And Joey was kind of the middle man. He’s in between. He wasn’t as anal rententive as David and he wasn’t as much of a dreamer as I was. So he really held us together by being the middle man. He was like Switzerland. (laughs) And even musically, because he also did like pop, like David, because I was less of a pop fan, and they like more poppy stuff. But he also loved the blues and heavy groove stuff, which David is not a big blues fan. So it was nice to have someone who could be on both sides and really connect to what we were doing. That’s what brought it all together.
AO: With what you three did with Z Rock, who would you say are your closest friends that you still keep in touch with that you made on the set?
PZ: Well definitely Chris Barron and John Popper, we became very close friends. Jay Oakerson, although he’s touring a lot. It’s hard to keep in touch with people when they’re working, but we stayed very friendly. A lot of the crew people, like the directors and a lot of the production people, even the executive people from Starz. I would probably say John and Chris, moreso than the rest. Dave Navarro, stayed friendly with over the years. Dee Snider, I already knew because we had played with them. I don’t know if that counts, because we were friends already. Chris Jericho, actually, Chris Jericho I probably see more than any of them. (laughs)
AO: I know there were rumors about season three, trying to shop for a bigger network, and I know you wanted to make it more of an on the road kind of thing, what plans did you have for season three in your head?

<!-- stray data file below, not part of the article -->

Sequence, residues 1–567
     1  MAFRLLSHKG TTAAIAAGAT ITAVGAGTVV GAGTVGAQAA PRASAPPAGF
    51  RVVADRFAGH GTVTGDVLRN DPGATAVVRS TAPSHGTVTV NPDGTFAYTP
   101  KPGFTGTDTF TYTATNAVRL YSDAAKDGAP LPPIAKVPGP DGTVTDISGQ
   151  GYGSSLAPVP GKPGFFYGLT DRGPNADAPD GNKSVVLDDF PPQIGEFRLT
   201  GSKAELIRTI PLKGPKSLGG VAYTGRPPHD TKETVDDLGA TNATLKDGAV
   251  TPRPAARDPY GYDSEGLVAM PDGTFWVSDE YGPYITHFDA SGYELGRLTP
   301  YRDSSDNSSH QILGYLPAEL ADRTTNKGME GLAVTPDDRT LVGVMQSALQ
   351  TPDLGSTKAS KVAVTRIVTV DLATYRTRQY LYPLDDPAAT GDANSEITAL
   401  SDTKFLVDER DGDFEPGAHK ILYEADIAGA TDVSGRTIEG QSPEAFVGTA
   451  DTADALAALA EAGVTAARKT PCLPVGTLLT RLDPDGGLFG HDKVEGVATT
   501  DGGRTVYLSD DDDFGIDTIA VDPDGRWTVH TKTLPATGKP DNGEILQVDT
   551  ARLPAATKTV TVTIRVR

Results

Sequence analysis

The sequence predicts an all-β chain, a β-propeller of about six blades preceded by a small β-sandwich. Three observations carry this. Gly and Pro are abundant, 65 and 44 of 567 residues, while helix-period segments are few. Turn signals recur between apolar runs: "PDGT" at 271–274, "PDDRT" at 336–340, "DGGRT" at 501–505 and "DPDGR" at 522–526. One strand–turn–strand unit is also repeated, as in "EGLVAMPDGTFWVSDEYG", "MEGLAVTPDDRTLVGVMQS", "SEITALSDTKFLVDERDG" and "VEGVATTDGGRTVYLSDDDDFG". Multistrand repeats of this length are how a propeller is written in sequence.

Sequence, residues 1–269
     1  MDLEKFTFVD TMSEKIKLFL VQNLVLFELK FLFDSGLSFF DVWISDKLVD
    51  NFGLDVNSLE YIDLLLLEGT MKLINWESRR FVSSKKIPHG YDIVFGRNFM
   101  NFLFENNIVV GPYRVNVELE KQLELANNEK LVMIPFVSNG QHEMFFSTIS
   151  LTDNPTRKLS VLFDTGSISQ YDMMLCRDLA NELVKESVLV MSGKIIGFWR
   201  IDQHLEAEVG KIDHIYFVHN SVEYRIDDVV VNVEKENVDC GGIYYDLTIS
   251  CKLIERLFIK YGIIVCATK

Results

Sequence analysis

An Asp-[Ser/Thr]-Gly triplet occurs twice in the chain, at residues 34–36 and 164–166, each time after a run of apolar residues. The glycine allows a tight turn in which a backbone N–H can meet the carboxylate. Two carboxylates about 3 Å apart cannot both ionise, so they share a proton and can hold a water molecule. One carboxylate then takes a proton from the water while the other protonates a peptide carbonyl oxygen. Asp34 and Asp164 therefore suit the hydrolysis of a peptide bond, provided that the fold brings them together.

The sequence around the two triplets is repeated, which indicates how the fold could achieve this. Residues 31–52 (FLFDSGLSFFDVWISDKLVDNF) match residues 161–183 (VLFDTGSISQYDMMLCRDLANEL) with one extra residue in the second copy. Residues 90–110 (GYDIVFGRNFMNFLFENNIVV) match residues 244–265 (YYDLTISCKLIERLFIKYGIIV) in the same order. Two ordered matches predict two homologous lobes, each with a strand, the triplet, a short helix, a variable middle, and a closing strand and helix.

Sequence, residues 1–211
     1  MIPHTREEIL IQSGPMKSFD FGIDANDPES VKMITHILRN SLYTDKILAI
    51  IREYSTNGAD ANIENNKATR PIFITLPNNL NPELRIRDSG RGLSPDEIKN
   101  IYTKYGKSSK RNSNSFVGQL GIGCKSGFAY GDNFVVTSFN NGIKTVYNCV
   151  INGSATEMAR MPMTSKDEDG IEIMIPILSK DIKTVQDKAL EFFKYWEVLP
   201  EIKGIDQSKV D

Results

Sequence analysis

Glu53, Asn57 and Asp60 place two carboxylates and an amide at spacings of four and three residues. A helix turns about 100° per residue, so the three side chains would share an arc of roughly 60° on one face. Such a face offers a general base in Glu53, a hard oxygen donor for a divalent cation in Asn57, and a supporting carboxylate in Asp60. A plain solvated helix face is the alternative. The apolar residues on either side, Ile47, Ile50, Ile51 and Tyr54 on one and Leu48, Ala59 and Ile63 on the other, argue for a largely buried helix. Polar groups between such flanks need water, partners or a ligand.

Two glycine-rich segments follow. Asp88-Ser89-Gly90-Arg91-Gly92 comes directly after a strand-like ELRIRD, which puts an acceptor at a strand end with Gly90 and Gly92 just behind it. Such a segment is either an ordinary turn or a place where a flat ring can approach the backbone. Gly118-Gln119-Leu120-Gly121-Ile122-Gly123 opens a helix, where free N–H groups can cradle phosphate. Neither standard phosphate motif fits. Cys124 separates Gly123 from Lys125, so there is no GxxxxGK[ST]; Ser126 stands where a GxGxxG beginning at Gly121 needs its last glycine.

PZ: Well, what we had and what network executives had were obviously two different things. But the way we would have loved to see it go was we thought if the band got a record deal on a small label or something and then we were on the road and then people get to see the trials and tribulations of being a struggling band on the road. And then maybe we would try to pick up, to make up for the money we weren’t making, we would try to pick up kids gigs, around the country. Obviously, we were hoping this thing would go for ten, twenty seasons, forever. (laughs) So you can’t keep it to see struggling goofballs from Brooklyn forever. So at a certain point, we’re like, “Listen, every level of success has its own set of problems. When you’re rich and famous, you still have problems. Bigger problems, different problems.” So I think that I would have loved to see that. Like us, moreso on tour, like playing local venues around the country, rather than just in Brooklyn. You know, at Webster Hall every week or Southpaw.
AO: Who was your favorite guest star or character on the show?
PZ: Well, there are two different questions. My favorite character, I would say was Jay Oakerson’s character, Neil, he’s just undeniably hilarious. I could watch him all day. I mean the outtakes, the stuff you didn’t see, was even funnier, I think. It was great timing and dirty as could be. (laughs) And then as far as guests, that’s hard to say because a lot of them did really, really well, like Joan Rivers, she was a great guest. She was so funny and very witty. And also, she’s kind of dirty too. It was interesting to see her come in and have a foul mouth and she doesn’t give a crap and it was really funny. And I thought Popper was really fun, although his acting skills weren’t like Joan Rivers level, but what he brought, he had his own thing. He was very funny and his character, I thought was very good for the show. So I’d say maybe those two might have been my favorites as guests.